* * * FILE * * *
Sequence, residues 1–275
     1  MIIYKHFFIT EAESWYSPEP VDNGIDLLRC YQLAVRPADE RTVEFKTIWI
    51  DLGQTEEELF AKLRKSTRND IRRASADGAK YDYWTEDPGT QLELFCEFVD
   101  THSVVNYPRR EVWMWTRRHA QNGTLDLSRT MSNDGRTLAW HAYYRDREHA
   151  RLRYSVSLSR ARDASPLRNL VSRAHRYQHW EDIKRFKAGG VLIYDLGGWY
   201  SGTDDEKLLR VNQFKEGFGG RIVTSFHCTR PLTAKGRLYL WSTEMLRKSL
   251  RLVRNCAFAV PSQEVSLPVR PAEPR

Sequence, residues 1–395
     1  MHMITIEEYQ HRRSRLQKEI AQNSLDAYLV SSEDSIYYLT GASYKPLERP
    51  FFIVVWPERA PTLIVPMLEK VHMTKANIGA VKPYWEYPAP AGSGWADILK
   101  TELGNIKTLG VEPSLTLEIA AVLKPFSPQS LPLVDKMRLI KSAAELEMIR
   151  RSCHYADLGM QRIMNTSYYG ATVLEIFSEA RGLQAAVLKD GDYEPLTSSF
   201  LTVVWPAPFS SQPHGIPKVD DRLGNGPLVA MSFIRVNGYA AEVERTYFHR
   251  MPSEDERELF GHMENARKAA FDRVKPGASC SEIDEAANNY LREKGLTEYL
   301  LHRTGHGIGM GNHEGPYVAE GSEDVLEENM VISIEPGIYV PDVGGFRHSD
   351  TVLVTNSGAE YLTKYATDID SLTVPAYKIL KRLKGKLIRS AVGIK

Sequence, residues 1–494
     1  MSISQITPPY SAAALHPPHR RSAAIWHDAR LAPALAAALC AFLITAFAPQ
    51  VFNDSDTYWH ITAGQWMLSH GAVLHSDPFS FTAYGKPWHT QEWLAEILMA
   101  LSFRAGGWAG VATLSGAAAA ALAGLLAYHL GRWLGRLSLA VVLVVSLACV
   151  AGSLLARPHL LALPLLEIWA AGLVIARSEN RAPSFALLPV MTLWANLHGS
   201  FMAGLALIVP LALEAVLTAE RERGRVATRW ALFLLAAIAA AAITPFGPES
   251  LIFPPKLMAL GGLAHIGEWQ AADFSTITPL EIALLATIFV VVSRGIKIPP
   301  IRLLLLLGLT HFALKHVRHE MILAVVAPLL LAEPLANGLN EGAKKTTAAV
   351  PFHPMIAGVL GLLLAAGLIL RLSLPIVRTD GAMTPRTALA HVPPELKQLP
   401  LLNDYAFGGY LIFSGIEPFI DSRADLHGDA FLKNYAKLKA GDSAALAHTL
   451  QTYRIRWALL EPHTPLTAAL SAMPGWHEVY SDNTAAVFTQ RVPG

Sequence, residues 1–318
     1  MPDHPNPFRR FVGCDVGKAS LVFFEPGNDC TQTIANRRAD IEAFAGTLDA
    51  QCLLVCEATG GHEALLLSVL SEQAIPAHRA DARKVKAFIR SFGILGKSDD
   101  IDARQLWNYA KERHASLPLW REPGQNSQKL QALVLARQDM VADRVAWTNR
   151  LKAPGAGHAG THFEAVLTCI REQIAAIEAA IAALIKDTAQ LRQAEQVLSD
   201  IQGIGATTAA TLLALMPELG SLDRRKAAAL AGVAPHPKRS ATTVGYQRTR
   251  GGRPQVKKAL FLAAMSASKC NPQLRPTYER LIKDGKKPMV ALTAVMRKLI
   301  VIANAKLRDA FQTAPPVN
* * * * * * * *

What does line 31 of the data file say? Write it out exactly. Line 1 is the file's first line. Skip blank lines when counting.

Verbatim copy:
   101  IDARQLWNYA KERHASLPLW REPGQNSQKL QALVLARQDM VADRVAWTNR